Knell: “When the Israelis say it’s just Hamas that’s trying to stir up violence…”

Abdullah: “It is not Hamas. It is not Hamas. It is people. I’m not Hamas. I don’t believe in Hamas thoughts. I’m secular, not religious. So I took a part.”

Knell: “So you think they’re just one of the parties?”

Abdullah: “Yes but they [Israel] want to cover it with Hamas to show us as we are terrorists. We are not terrorists. We are the victim of terrorism.”

Knell: “So Ahmed, you and some of your 25 grandchildren and I have come now to the protest camp east of Jabaliya on the border with Israel. There’s a big crowd here and we can see Israeli soldiers by the fence across a field. There are tyres burning. There’s been some tear gas fired. It feels very dangerous. The idea is to continue these demonstrations until the middle of May. Are you ready to keep coming back?”

Abdullah: “Yeah. We are not fed up. We are not tired. We will continue day by day. We are on the right way to implement our right of returning to our home and land.”

That item continued with Chris Mason interviewing the head of the political NGO B’tselem about his organisation’s call for Israeli soldiers to disobey orders (also promoted in a written BBC report on the same day) and that was followed by an interview with an IDF spokesperson.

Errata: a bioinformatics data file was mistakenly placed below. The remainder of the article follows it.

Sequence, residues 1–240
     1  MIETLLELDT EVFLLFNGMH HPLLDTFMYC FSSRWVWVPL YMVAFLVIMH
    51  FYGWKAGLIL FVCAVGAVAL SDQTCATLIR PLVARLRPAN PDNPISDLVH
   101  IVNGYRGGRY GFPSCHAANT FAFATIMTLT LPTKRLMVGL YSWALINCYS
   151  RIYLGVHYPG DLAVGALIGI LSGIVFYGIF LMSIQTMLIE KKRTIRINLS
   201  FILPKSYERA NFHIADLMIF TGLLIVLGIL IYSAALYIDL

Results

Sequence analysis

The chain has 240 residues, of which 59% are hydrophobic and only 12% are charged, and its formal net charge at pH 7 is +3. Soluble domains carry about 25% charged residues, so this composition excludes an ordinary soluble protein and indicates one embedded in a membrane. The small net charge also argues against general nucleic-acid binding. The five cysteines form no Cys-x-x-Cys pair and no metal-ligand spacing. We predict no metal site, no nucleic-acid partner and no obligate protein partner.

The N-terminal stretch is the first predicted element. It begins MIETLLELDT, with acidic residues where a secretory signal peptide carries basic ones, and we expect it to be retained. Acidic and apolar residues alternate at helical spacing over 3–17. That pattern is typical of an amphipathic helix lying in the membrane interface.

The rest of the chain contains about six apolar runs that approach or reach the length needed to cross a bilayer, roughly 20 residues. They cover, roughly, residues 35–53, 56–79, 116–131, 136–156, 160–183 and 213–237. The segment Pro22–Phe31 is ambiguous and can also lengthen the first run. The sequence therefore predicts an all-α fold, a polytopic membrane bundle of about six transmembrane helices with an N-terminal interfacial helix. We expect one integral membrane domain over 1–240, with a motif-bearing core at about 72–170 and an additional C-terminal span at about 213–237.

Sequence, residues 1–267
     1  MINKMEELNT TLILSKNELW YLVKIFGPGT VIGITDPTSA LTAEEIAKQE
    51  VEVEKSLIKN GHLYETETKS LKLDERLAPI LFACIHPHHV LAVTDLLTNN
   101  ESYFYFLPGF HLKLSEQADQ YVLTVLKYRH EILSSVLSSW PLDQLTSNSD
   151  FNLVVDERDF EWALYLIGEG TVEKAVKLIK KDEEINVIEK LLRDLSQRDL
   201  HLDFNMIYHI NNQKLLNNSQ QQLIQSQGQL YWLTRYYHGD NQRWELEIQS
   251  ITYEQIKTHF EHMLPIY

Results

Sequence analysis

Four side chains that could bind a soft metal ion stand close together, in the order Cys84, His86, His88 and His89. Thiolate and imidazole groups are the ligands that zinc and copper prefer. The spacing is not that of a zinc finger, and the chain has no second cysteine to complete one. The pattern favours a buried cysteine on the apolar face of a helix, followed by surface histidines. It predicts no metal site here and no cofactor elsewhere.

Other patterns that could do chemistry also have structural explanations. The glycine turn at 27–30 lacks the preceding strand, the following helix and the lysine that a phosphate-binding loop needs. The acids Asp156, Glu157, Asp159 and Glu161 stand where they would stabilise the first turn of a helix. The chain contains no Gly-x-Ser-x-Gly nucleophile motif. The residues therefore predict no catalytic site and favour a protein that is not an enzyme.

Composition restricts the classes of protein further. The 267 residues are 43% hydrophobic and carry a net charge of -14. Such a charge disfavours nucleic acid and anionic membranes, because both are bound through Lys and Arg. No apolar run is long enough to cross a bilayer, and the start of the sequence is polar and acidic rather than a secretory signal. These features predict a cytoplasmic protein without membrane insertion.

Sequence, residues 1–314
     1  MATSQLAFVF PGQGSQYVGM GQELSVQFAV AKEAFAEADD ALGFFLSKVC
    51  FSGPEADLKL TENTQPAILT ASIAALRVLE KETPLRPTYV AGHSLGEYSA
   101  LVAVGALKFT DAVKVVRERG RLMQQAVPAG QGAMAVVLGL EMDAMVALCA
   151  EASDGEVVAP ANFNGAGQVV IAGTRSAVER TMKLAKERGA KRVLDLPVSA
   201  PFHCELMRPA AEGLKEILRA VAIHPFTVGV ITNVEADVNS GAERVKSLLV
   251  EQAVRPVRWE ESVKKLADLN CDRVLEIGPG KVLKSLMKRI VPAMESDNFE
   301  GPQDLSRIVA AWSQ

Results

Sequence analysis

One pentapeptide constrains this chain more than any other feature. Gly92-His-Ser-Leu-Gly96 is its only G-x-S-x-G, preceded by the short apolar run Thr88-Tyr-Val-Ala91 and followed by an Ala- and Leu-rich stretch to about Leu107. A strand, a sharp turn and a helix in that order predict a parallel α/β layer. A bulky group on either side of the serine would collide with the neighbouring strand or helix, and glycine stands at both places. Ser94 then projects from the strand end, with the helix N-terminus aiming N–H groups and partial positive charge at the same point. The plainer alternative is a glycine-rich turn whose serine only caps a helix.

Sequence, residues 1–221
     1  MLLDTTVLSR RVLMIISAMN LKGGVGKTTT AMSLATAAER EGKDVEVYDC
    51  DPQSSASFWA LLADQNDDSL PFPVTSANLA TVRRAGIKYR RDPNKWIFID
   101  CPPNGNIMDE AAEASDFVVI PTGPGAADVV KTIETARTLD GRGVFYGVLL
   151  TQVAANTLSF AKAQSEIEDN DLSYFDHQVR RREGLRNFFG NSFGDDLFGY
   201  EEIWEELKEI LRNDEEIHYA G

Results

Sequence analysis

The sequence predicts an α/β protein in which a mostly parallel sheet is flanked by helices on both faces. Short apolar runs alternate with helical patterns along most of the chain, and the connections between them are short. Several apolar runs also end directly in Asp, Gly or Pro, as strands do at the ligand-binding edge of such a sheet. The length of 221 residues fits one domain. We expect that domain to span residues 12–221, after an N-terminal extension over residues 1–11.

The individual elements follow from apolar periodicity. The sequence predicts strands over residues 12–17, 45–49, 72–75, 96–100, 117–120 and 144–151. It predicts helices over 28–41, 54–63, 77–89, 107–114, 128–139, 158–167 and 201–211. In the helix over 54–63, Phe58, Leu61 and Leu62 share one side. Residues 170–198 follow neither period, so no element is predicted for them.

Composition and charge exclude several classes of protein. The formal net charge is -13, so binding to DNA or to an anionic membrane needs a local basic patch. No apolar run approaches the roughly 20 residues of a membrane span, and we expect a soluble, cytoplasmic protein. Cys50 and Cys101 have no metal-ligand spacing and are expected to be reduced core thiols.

A TV version of Yolande Knell’s one-sided and totally context-free amplification of the Palestinian demand for ‘right of return’ was also seen by viewers of BBC Four’s ‘World News Today’ and an edited version of Knell’s interview with Ahmed Abdullah was heard by listeners to the April 6th evening edition of the BBC World Service programme ‘Newshour’ (from 18:05 here), with presenter Julian Marshall once again unquestioningly quoting Hamas casualty figures and telling listeners that:

“…in similar protests last Friday in support of the demand that Palestinian refugees and their descendants be allowed to return to their ancestral homes in what is now Israel, 16 Palestinians lost their lives.”

Listeners to an earlier version of ‘Newshour’ on the same day (from 49:32 here) heard similar promotion of Hamas-supplied casualty figures that have not been independently verified by the BBC and were told by Yolande Knell that: